One of the quintessential depictions of Trinidad’s carnival, with their piercing screams and beaten biscuit pans, are the fire-breathing Blue Devils. All versions of this masquerade are pale in comparison to those from the hills of Paramin.
In this world of its own, the absence of an official carnival parade is but minor. The jabs/diables are the artisans of their costumes, the chemists of their paint, and, according to Steffy Marcano (leader of the Next Level Devils), the literal pavers of their roads, whenever the potholes grow too large. The jab sustains itself so much so that if carnival as we know it were to disintegrate for some reason, the Blue Devil would adapt to play mas’ in its rubble.
The Blue Devil’s origin, much like many or all folk artforms, demonstrates the human creativity that produces beauty out of next-to-nothing. With little more than blue laundry powder, homemade instruments, discarded clothes and residual memory of Africa, the population of Paramin fashioned the jab. It is a wonder to be studied how, hundreds of years later, the life force of this character has been preserved in its sanctity amidst the forces of “commodification” and “prettification” in the contemporary carnival. The magic is found in community. No matter where the bands roam - to downtown Port of Spain, to Europe, to music videos or stage performances, the jabs always return home.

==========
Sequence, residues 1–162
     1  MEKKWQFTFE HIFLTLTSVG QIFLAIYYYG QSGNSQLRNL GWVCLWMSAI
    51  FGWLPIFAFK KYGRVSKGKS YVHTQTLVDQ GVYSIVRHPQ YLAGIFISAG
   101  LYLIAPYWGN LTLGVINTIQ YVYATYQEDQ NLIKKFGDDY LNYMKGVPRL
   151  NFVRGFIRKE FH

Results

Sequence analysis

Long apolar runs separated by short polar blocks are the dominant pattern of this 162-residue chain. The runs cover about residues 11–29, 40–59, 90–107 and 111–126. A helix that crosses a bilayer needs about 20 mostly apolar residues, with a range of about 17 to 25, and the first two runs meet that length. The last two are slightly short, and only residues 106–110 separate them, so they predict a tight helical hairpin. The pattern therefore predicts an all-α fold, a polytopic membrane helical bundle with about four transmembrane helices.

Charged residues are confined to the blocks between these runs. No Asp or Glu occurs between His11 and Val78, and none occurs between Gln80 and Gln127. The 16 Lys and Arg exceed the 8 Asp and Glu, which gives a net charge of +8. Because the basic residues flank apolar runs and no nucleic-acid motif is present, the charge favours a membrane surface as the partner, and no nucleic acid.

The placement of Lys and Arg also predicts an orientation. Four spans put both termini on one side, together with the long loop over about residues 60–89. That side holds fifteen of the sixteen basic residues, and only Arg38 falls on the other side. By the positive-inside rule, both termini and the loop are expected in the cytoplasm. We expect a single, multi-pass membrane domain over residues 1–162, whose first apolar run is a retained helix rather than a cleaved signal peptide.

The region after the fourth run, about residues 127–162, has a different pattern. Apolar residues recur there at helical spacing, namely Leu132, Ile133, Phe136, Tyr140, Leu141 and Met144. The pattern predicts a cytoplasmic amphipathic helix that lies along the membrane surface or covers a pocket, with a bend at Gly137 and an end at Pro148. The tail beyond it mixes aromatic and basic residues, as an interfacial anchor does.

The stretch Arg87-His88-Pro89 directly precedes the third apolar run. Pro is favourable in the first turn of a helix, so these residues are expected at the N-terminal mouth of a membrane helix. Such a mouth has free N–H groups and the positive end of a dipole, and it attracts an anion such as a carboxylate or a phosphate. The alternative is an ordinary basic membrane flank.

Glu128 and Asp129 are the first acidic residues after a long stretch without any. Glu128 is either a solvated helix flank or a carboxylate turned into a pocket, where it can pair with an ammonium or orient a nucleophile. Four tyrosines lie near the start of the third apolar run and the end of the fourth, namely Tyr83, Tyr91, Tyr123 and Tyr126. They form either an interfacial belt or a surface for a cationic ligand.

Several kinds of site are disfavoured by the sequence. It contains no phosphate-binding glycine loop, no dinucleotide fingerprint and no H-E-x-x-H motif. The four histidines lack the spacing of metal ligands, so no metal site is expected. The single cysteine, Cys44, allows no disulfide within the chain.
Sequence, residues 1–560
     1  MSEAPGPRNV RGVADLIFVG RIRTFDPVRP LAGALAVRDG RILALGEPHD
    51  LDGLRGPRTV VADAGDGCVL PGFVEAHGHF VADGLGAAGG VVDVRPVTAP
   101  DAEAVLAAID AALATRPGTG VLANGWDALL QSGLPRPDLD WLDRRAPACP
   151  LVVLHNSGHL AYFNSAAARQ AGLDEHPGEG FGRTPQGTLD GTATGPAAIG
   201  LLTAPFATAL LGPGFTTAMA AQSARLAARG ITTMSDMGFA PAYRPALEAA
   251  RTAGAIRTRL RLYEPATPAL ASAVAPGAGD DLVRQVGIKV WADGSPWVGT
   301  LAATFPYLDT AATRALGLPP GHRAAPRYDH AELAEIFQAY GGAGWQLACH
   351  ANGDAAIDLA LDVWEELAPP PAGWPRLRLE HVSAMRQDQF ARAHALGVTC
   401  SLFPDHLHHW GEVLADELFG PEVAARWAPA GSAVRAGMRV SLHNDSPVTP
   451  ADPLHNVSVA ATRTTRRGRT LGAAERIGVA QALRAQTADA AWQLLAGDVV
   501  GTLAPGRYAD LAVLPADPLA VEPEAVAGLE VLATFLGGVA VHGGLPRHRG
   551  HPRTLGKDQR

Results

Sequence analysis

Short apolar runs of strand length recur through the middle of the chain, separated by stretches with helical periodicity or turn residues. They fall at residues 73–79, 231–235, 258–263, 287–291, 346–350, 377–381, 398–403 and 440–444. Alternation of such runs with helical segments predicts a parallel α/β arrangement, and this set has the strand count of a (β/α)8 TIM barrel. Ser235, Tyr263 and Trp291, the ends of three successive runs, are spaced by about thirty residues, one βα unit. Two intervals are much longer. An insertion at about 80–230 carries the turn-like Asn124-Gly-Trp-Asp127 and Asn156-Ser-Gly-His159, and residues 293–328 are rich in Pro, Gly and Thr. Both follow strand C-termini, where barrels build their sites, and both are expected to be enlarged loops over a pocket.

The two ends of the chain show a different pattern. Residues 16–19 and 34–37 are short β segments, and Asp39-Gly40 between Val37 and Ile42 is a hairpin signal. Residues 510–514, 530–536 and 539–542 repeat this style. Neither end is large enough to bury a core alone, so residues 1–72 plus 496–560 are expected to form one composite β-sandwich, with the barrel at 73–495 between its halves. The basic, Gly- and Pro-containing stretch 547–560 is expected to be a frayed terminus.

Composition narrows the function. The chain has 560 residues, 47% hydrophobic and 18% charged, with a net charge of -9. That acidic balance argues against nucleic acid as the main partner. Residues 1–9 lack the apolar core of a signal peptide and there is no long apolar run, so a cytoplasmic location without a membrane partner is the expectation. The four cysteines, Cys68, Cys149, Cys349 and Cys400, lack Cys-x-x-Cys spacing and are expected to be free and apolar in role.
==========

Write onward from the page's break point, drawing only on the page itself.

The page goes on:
This community is itself a mas’ camp where the practice is rooted in reverence for its history and the legacy of the now retired jabs who, in their senior years, continue to be actively involved in guiding each generation of devil. Elders, children, and all in between are masters of jab. For them, it is more than a masquerade. Indeed, it can be the opposite - an unmasking to reveal the inner self. It is the space to quite literally “Play yourself”! It is a lifestyle and a birthright. As they say, “You’re born a jab”.